Interpreting the Middle Ages (HISM183)

StaffProfessor Yolanda Plumley -
Credit Value30
ECTS Value15
NQF Level7
Pre-requisitesNone
Co-requisitesNone
Duration of Module Term 1: 11 weeks;

Module aims

  • To acquire broad knowledge of the sources available in the field of Medieval Studies.
  • To develop a deep understanding of the problems of interpretation posed by a variety of genres of evidence.
  • To acquire advanced critical skills and analytical methods.
  • To develop the skills in order to improve critical writing.

ILO: Module-specific skills

  • 1. Demonstrate a detailed knowledge and understanding of a range of different kinds of sources from the Middle Ages
  • 2. Demonstrate a critical awareness of past and current scholarly debates relating to the Middle Ages

ILO: Discipline-specific skills

  • 3. Engage critically with a broad range of cultural phenomena, including texts, material artefacts (including manuscripts), institutions, and public discourses
  • 4. Demonstrate understanding of the assumptions on which approaches to cultural analysis are based
  • 5. Argue at length and in detail about aspects of the cultures studied, supporting the argument with textual evidence and engaging with opinions from secondary literature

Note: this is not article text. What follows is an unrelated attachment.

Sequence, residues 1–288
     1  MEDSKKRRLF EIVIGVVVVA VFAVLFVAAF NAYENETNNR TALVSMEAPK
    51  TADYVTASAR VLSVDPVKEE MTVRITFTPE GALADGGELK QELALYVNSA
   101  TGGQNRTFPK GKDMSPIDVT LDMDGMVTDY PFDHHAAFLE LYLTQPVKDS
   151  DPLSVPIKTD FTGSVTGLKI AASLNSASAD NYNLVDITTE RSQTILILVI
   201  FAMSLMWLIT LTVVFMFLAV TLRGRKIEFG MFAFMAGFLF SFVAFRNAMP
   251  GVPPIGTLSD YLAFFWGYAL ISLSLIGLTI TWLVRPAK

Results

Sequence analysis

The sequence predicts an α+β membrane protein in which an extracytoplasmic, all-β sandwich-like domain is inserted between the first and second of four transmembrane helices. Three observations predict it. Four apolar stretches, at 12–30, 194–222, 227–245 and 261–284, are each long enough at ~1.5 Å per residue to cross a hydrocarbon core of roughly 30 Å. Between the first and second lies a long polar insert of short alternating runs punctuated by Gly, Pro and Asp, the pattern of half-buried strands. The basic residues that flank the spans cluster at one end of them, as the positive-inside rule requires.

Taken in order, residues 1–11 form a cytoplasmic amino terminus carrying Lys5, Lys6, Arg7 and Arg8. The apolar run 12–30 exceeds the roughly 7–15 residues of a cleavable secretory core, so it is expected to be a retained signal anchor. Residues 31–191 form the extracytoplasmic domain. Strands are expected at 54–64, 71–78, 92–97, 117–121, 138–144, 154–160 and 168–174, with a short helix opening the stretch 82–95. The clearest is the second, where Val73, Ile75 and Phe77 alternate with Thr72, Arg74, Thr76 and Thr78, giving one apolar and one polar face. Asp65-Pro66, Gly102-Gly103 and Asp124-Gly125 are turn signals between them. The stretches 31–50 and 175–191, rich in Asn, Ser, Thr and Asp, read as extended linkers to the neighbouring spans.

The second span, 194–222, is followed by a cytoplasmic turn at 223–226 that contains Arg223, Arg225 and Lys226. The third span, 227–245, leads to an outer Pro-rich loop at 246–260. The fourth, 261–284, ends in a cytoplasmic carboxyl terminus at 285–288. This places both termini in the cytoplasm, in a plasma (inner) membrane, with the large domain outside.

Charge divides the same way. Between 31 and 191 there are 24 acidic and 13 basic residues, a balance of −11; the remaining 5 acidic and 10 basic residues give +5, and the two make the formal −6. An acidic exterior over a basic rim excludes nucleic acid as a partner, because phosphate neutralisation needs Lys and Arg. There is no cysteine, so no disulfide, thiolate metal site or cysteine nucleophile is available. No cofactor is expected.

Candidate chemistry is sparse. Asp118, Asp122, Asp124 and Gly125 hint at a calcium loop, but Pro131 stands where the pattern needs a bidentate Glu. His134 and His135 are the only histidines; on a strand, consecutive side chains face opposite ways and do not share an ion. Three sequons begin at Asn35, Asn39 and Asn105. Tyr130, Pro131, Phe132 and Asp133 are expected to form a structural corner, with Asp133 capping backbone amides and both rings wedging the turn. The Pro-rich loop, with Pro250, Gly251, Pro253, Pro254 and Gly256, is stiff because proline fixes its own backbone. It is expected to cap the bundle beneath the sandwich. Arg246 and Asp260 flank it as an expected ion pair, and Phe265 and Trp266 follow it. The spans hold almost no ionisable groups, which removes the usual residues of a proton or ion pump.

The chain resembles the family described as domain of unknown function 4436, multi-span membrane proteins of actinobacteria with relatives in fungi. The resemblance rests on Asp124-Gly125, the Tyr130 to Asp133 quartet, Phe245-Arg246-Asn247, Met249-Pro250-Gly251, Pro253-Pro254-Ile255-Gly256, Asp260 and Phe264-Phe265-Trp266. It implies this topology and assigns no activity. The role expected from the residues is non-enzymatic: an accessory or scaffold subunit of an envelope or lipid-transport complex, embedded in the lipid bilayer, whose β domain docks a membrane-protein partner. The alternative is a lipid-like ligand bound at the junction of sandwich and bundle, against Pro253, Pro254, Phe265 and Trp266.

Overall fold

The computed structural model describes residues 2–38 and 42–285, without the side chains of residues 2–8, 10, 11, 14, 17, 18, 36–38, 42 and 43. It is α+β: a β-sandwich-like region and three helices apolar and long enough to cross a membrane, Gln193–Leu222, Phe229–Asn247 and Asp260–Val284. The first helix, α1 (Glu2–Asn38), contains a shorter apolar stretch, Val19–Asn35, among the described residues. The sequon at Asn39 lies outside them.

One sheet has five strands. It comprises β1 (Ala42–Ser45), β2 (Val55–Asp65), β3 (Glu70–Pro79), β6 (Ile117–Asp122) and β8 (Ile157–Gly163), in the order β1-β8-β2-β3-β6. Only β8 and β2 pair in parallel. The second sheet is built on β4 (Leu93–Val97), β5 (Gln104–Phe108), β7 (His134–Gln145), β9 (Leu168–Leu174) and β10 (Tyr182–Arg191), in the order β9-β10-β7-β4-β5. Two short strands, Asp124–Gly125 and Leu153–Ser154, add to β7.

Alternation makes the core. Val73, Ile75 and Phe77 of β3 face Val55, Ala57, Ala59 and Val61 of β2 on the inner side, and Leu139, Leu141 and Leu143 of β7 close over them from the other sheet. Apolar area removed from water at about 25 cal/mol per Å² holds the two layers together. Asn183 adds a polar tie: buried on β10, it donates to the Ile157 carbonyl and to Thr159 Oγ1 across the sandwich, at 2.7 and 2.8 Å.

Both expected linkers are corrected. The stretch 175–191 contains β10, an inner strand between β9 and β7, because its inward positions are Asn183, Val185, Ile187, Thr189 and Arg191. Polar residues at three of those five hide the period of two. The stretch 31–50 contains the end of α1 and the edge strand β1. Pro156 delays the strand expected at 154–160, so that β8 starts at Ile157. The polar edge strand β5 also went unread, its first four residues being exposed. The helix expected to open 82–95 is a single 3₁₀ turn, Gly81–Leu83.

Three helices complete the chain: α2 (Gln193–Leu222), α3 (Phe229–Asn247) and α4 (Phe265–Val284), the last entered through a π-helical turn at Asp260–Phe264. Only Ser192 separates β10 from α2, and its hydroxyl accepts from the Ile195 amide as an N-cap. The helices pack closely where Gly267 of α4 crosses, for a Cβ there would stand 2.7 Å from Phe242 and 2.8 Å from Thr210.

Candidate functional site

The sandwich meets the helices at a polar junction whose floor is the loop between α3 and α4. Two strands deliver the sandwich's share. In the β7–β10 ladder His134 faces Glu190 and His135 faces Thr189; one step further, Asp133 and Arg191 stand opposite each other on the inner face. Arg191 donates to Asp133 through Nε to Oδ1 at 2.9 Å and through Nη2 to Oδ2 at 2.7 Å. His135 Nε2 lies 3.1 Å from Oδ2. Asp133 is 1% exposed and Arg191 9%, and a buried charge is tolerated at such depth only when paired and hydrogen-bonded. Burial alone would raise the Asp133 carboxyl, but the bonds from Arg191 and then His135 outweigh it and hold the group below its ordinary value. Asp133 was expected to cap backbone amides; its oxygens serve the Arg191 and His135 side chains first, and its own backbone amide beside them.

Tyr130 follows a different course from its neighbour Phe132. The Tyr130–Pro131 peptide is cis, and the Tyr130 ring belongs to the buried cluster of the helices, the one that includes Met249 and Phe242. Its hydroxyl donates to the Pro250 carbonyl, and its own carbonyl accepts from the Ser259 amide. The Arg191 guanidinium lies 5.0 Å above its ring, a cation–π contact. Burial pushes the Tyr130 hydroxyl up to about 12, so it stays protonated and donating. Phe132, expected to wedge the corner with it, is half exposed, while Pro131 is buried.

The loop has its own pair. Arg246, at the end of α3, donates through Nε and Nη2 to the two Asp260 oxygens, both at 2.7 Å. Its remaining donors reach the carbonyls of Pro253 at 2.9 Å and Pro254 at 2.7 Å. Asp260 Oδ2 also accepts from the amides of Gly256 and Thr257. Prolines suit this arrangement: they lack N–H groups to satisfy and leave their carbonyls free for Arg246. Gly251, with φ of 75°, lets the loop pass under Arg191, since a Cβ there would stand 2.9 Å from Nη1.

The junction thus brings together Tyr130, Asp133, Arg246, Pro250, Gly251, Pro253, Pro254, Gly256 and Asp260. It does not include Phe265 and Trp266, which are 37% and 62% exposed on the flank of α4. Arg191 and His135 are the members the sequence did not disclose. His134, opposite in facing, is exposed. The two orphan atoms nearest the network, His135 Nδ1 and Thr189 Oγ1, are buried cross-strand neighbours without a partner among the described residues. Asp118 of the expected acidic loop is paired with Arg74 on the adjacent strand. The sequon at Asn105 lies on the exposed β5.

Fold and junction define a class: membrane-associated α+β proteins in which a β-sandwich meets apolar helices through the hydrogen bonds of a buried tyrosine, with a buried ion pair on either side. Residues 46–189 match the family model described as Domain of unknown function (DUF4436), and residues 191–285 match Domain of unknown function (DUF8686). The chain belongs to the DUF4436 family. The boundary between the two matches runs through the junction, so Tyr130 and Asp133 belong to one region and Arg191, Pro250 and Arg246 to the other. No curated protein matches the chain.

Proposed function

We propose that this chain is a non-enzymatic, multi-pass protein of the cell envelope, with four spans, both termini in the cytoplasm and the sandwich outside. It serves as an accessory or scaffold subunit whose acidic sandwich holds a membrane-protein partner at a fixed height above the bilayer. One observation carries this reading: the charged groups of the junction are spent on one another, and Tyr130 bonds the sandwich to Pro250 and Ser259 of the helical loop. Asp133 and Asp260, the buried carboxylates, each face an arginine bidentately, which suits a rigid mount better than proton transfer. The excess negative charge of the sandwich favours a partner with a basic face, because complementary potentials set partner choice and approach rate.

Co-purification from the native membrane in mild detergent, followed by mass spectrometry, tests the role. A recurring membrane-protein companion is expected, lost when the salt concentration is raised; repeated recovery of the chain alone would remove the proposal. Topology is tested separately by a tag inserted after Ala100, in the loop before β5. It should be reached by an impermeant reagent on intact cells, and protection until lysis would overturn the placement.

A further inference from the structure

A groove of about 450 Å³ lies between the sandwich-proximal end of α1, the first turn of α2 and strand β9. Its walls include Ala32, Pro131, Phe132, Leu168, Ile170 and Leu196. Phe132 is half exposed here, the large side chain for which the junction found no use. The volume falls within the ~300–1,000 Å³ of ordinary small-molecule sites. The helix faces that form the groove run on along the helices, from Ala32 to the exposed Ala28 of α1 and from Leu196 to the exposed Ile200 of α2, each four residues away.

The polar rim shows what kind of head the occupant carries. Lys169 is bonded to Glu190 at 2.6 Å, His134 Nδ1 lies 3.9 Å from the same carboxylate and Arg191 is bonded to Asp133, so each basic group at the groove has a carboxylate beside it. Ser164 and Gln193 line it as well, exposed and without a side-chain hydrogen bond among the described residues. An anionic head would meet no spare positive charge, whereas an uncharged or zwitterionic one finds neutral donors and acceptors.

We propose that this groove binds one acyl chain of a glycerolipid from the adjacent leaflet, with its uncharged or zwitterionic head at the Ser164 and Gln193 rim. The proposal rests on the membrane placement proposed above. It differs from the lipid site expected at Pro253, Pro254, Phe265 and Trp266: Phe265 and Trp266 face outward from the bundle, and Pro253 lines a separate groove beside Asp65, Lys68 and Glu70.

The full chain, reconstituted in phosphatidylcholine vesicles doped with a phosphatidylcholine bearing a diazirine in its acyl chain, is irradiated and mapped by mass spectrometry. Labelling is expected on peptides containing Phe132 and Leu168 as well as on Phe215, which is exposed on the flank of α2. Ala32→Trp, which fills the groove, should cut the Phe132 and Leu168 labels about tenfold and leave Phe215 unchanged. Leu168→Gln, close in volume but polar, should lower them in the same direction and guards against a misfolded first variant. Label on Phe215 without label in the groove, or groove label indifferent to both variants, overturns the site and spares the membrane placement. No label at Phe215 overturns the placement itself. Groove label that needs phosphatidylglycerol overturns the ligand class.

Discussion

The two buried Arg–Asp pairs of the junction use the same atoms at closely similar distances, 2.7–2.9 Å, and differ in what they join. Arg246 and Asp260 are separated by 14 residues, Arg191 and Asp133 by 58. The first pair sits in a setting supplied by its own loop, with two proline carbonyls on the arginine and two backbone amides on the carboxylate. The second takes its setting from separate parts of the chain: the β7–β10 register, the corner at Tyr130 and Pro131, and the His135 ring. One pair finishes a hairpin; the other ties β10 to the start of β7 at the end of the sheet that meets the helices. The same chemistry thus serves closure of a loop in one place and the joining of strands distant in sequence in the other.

• 6. Access, and use critically, printed and, where appropriate, electronic learning resources identified as useful by the course tutors; and find independently and evaluate critically other relevant resources

ILO: Personal and key skills

  • 7. Manage own learning time and learning activities, where appropriate with guidance from course tutors
  • 8. Undertake independent research on the basis of a taught course
  • 9. Negotiate individual assessment tasks and/or topics with course tutor(s), identifying own areas of strength and interest
  • 10. Present information and arguments on a designated or negotiated topic to a group of listeners and respond to questions and responses from the group
  • 11. Adopt a critical approach to the selection and organisation of a large body of material in order to produce, to a deadline, a written or oral argument of some complexity
  • 12. Combine a variety of IT skills in researching and reporting on a topic

Syllabus plan

Whilst the content may vary from year to year, it is envisioned that it will cover some or all of the following topics:

Workshops will address a selection of source material within the following three broad strands:  

Interpreting Social Contexts:

Exploring texts that lend insight into secular and religious society in the medieval period; exact topics will vary according to tutor expertise and availability but may include chronicles, charters, legal texts, liturgy, concilia and epistola.

Interpreting the Arts:

Exploring primary sources that lend insight into cultural and artistic life; these may include artistic, literary and musical works.

Interpreting Material Culture: